Up to bed for a few hours sleep and in the morning when I went downstairs the innkeeper was crashed out on the,small sofa in the sitting room/lobby. I shook him awake and he went to his phone and texted someone then made a phone call and after that he said we would wait for a phone call and then go. Around 7 am the call came in and he gave me a lift on his scooter to a main corner on the town and waited with me until the bus came. The bus was a 20 passenger model that they were cramming 30 or more into and cost 150,000 Dong for the trip unto Laos. When I paid I thought this was pretty cheap to go all the way to Vientiane, Laos capitol city about 450 k away and they had saved me a one person seat on the right side of the bus so for a little while I had my own space. Away we went stopping in smaller hamlets along the way to drop off or pick up passengers and once for a short breakfast stop. After that we began the trip up into the mountains that line the border here and the air began to cool off and the hamlets fell behind as we climbed higher and higher. You first know you are at the border when you see a cobbled together shack flying a large Vietnamese flag. The actual border immigration control building is more modern. We filed off the bus and there was a mad rush to the 'DEPARTURES' area where you slid your passport across a counter and under a glass partition to a guard who watched another guard process it. When they took mine the guard said " No Moto", and I assured him that I was on "xe buyt" not on a motorcycle. It was pretty busy at the counter with people cramming in behind and around me shoving their passports,under and speaking to the guard. I saw,my bus drive through a checkpoint behind me and got just a little worried about being left behind, but there was a whole other process to go through on the Laotian side so I relaxed and let it all unfold.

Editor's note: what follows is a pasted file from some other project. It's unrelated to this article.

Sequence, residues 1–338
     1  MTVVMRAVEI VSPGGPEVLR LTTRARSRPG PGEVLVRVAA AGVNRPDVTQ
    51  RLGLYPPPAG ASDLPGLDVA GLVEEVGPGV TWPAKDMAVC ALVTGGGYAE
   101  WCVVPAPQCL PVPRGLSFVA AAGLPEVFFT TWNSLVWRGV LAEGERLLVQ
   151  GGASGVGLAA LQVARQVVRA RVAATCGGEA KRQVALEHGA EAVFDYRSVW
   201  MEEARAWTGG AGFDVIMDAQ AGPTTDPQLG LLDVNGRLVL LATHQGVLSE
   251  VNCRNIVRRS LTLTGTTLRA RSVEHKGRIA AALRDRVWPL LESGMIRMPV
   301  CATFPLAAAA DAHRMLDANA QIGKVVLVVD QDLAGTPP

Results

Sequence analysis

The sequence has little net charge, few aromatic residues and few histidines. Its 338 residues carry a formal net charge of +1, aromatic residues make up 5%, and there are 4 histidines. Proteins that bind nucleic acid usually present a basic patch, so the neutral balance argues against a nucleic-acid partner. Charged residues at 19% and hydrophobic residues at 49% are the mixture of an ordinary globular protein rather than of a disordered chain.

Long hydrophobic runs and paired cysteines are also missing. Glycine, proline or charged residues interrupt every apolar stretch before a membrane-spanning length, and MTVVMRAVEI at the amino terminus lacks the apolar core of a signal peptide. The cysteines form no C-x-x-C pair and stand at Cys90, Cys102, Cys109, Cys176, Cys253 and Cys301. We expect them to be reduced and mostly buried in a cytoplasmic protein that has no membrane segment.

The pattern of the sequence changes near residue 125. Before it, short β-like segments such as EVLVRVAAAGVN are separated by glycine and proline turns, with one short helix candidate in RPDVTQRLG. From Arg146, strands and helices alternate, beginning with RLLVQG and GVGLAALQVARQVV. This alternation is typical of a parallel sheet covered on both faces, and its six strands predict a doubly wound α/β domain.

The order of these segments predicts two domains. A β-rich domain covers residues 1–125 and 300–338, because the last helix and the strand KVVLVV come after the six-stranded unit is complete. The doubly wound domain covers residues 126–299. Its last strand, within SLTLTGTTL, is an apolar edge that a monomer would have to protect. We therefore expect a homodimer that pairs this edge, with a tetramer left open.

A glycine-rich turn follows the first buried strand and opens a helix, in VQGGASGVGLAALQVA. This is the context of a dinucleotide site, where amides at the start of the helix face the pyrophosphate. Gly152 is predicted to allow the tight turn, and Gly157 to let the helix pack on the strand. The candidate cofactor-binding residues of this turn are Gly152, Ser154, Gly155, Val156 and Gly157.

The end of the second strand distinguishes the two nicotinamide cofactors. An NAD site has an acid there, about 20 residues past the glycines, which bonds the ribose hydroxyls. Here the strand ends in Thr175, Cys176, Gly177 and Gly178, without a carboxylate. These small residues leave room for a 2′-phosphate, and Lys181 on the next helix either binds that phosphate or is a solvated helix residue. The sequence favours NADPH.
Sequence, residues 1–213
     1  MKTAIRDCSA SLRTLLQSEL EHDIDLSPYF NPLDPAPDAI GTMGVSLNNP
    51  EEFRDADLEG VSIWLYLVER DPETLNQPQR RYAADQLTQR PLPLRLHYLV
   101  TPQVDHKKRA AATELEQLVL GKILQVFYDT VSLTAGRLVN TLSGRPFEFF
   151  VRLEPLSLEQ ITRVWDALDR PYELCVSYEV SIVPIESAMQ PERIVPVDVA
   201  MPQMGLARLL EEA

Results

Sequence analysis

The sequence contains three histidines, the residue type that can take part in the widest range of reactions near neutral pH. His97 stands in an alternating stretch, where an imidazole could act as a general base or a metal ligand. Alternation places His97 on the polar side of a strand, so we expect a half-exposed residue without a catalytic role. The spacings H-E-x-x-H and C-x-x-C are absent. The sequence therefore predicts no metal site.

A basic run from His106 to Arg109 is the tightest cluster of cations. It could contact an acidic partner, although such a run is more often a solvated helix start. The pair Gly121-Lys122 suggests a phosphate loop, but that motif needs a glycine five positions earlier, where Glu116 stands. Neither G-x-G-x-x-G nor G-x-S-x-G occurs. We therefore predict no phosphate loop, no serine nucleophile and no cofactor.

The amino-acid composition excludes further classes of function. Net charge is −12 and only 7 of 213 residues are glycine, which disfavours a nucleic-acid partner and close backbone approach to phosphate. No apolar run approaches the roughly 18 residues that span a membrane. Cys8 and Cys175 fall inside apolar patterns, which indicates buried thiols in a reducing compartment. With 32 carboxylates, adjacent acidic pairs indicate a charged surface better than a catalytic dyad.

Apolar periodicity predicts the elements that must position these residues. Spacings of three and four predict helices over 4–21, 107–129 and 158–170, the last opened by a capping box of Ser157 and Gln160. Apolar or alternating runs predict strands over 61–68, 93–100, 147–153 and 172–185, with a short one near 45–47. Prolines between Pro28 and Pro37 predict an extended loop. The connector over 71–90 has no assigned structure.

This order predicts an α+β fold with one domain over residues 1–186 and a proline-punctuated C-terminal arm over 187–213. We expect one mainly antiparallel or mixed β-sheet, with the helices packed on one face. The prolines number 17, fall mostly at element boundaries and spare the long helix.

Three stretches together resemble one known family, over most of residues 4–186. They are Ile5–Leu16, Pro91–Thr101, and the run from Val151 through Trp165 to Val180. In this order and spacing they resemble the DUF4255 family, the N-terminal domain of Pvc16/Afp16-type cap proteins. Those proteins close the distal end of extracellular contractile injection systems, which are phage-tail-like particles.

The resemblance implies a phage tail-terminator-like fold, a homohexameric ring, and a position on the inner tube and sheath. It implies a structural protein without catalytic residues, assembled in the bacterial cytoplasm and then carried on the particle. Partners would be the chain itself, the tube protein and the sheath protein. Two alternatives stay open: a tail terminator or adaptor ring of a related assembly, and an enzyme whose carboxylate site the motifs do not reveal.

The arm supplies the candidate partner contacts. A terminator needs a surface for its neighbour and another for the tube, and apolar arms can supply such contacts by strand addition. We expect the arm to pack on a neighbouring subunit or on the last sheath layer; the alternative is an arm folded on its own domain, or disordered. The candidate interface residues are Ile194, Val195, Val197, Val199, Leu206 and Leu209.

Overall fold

Eventually the one guy who was working the computer got to my passport, ran it through the computer, squinted at it a couple of times and stamped and returned it to me.